It really depends on the production. In the case of a movie like “Stalingrad,” which I did a couple of years ago in Russia, the director and the director of photography were very interested from a very early stage about how they were going to design the show to take best advantage of 3D — how were they going to do the effects? How were they going to build the stages and sets? Where were we going to put the camera? What equipment we were going to order? That was a project I was directly involved very early on. Other projects we just come in right before production and get it all set up, tested and ready to go to start shooting.
Does your role in the production change from film to film?
In the best case, we work as a team with all the creative people involved to talk about how we’re going to use the 3D to tell the story — what we want the audience to feel at what times, just like you’d do with color or camera movement. We make a plan as to how that’s going to work through the script. We’re going to have very deep 3D moments and maybe shallower 3D moments to provide a contrast and affinity for the different parts of the script. In the best case, we come up with a cohesive plan to do that. There’s an expectation sometimes that we have lots of things in the negative space, and that’s okay if it’s appropriate for the story, it’s got to be about the story first.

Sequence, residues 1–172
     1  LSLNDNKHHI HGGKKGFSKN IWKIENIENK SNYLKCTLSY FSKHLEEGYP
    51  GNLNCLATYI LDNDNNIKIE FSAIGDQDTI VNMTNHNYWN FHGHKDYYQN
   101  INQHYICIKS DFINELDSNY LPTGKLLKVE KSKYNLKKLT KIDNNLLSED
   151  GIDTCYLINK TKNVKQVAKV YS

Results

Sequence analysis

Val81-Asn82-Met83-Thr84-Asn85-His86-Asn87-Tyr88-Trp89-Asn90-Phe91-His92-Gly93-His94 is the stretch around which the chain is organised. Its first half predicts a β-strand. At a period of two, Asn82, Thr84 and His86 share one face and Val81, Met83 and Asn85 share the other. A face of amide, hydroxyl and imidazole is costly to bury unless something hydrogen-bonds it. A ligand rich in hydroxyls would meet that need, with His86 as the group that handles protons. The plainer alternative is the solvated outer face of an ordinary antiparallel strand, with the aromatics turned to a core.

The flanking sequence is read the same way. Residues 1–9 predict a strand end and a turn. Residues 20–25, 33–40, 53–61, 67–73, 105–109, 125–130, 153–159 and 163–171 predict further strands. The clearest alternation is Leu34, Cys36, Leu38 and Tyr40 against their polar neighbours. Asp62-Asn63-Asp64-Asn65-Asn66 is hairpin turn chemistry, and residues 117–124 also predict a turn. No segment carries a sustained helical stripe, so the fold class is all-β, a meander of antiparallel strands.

Animators often complain about how tricky it is to convey water. Is there something that’s a similar challenge to render effectively in 3D?
I can’t think of anything like that in terms of a specific element, but natural elements like rain, smoke, fire, ash, and snow work wonderfully in 3D and especially in natively shot 3D because you get this infinite sense of definition of the Z space [the zero parallax point where the audience perceives the screen plane] — all that stuff in the air helps to define what’s in front and what’s in back. It’s very challenging to do in post-production because you have an infinite number of small little pieces that would have to be rotoscoped out and dealt with by artists. But that in native 3D photography, we get all that for free, and it’s really immersive.
Working on a film such as “Transformers” or “Planet of the Apes,” it’s a mix of real environments and characters rendered completely on a computer. Does that make it more difficult to do your job?